Bankers must tell the truth about where their institution has been, where it’s at now, and where it can and should grow next, Lay maintains. Without that, marketers will hear a constant stream of different ideas from groups within the organization. Everyone’s got an opinion, which adds greatly to complexity.
That’s where the training comes in. It provides context, a framework and a common language among Marketing, Sales and the C-Suite. Structuring the conversation “takes some of these pie-in-the-sky ideas, and begins to simplify them down into things you can communicate around,” says Lay.
To take this viewpoint from concept to implementation, the consultant created a six-step marketing framework to help implement transformation. It’s built around the acronym “BANCER” (pronounced “banker”). It stands for:
- Build an audience with data.
- Attract qualified leads with personalized offers.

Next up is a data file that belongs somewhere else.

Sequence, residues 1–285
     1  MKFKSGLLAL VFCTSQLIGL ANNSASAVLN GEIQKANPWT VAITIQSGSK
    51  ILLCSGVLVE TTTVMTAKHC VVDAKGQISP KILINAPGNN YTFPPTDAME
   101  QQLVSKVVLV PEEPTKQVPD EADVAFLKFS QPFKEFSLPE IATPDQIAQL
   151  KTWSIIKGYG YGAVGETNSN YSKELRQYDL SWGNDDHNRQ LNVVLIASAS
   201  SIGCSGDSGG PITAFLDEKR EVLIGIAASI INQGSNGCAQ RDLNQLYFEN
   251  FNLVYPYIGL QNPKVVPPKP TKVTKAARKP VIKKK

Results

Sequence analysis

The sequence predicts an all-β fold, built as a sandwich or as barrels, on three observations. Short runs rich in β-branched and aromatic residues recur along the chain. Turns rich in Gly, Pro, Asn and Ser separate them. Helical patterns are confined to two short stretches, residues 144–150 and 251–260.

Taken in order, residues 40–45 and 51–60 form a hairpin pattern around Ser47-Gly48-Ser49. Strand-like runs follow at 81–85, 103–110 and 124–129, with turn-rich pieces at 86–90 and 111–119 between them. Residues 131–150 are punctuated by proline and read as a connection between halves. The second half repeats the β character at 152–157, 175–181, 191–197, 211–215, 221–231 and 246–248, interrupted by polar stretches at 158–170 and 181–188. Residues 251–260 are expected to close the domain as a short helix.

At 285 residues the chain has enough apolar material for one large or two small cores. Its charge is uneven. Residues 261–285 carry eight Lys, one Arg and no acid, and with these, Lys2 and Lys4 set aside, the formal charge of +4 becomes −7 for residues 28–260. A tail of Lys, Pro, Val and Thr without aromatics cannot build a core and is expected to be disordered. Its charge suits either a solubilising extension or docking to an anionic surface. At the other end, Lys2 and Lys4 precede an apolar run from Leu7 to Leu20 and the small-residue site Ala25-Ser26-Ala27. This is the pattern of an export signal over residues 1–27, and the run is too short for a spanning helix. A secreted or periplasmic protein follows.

- Nurture those leads with content through automation.
- Convert prospects into loan and deposit customers.
- Expand the relationships by delighting customers.
- Repeat the process using reviews, ratings and ultimately referrals.
2. Start at the Bottom for a Quick Win
Rather than tackle all six steps listed above at once, Lay recommends bank marketers start with one thing to get a quick win. For example: Figure out how much opportunity you’re missing by checking your digital conversion rate. He says DGI studies have found abandonment rates are exponentially high — 85% to 95% — for online loan and account applications at banks and credit unions. The focus then becomes how to reduce that by improving the consumer’s user experience.